> singling him
> out for demonisation and ridicule based on his looks.

Perhaps we're singling him out for neutral, unbiased coverage based  
upon the widespread ridicule he has already received based on his looks?

A funny-looking sex offender isn't  notable. A gang of internet  
troglodytes pointing and laughing at a funny-looking sex offender  
very well may be. Being who and what they are, the troglodytes are  
unlikely to provide a fair accounting as to who Brian Peppers is and  
why they're making fun of him. That's supposed to be our job.

(I don't really care one way or another whether we have an article  
about him, I'm just bringing these points up in fairness.)

> It's no great step to find his address on the Ohio database thing, and
> before we know it we have crowds of the Wikicurious lurking outside  
> his
> house and dogging his steps when he goes shopping so as to get a  
> photograph
> for GFDL uploading. "For the good of the encyclopaedia. We're here  
> to write
> an encyclopaedia. Moral behaviour and civic responsibility take second
> place."

He's wheelchair-bound and lives in a nursing home.

Incidentally, I wish we did have mobs of Wikipedians out to take GFDL  
photographs of people we have articles on. It would save us from a  
lot of fair use problems.

> Do we really want people to be Wikipediaed in much the same way as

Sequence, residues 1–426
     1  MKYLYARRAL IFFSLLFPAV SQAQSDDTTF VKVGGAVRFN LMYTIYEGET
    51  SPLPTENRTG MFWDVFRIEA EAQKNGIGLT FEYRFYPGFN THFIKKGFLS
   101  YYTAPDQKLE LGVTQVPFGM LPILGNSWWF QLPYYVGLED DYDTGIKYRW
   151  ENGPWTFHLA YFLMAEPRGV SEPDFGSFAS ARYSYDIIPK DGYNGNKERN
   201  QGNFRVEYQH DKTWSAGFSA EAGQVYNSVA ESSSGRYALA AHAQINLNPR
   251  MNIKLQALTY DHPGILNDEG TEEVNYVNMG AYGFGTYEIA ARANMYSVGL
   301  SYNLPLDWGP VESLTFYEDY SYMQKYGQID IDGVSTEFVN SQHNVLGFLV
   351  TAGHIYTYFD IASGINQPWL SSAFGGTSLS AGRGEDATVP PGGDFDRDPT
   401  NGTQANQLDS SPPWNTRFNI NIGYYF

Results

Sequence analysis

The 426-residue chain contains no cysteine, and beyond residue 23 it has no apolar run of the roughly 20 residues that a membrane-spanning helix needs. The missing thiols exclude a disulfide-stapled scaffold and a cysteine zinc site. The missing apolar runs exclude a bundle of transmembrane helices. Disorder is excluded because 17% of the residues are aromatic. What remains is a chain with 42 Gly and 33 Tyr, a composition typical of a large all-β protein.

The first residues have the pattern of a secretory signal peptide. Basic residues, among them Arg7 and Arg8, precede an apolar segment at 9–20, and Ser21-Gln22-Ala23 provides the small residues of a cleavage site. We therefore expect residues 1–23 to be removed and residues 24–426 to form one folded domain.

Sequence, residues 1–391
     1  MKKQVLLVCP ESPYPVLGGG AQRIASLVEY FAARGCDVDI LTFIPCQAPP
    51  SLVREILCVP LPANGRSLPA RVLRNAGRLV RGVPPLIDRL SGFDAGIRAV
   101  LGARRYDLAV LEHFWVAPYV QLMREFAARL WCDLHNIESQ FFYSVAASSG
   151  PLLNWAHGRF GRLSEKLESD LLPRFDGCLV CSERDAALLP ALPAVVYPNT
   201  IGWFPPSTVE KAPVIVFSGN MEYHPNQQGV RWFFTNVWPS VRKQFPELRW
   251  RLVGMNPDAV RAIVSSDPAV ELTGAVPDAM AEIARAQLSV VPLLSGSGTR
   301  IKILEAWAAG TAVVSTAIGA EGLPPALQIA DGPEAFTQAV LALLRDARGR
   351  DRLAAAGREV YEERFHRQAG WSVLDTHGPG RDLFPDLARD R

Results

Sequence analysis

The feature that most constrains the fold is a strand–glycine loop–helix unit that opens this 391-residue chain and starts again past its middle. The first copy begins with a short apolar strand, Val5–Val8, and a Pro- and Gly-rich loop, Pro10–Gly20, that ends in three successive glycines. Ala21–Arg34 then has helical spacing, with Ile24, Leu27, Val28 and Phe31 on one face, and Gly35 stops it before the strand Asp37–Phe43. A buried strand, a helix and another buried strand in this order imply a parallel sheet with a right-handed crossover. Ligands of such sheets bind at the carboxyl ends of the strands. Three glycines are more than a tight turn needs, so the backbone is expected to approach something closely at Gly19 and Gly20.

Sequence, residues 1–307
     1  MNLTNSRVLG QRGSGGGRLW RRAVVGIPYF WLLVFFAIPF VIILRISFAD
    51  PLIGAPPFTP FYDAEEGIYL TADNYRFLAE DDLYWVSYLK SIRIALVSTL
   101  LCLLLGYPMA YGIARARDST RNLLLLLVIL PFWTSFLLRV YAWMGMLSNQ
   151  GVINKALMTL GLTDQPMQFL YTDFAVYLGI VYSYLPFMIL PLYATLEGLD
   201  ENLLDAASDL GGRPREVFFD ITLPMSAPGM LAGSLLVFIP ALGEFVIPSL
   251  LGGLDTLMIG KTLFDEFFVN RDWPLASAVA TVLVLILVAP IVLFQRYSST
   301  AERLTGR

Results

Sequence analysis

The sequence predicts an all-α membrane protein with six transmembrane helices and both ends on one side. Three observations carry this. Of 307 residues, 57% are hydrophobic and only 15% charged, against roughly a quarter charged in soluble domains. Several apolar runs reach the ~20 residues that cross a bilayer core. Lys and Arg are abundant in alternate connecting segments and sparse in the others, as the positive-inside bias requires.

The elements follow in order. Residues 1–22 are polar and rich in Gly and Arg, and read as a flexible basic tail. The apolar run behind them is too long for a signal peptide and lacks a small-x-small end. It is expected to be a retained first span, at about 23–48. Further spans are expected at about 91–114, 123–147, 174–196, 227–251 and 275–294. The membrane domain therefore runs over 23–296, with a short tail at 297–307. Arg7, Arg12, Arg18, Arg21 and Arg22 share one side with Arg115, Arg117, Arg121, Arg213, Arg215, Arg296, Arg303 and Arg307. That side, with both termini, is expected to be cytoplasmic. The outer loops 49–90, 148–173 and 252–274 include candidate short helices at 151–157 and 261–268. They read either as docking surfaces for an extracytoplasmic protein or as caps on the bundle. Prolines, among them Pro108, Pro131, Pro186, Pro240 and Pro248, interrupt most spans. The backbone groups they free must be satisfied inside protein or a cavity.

> websites
> are routinely Slashdotted?

If by "Wikipediaed" you mean "having a fair and neutral biography  
about them written in a freely accessible online encyclopedia",  
absolutely!

--
Philip L. Welch
http://en.wikipedia.org/wiki/User:Philwelch



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Re: Wikipedia's destiny

Peter Mackay
In reply to this post by Jimmy Wales
> From: [hidden email]
> [mailto:[hidden email]] On Behalf Of Jimmy Wales
> "In borderline cases, the rule of thumb should be "do no harm."
> Wikipedia is an encyclopedia, not a newspaper. It is not our
> job to be sensationalist, or be the primary vehicle for the
> spread of titillating claims about people's lives."

That's the job of WikiNews...

Pete, cub reporter http://en.wikinews.org/wiki/User:Skyring


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Re: Wikipedia's destiny

Bryan Derksen
In reply to this post by Jimmy Wales
Jimmy Wales wrote:

> Bryan Derksen wrote:
>  
>> Woah, a whole _year_? I'd thought the article was just temporarily
>> deleted while some details got sorted out. _Now_ I've got a serious
>> grounds for objection.
>>    
>
> The point here is not the article itself, it is the abuse of process
> that was involved.
>  
My understanding of the process involved has changed several times since
I first involved myself in reaction. Initially, I thought you'd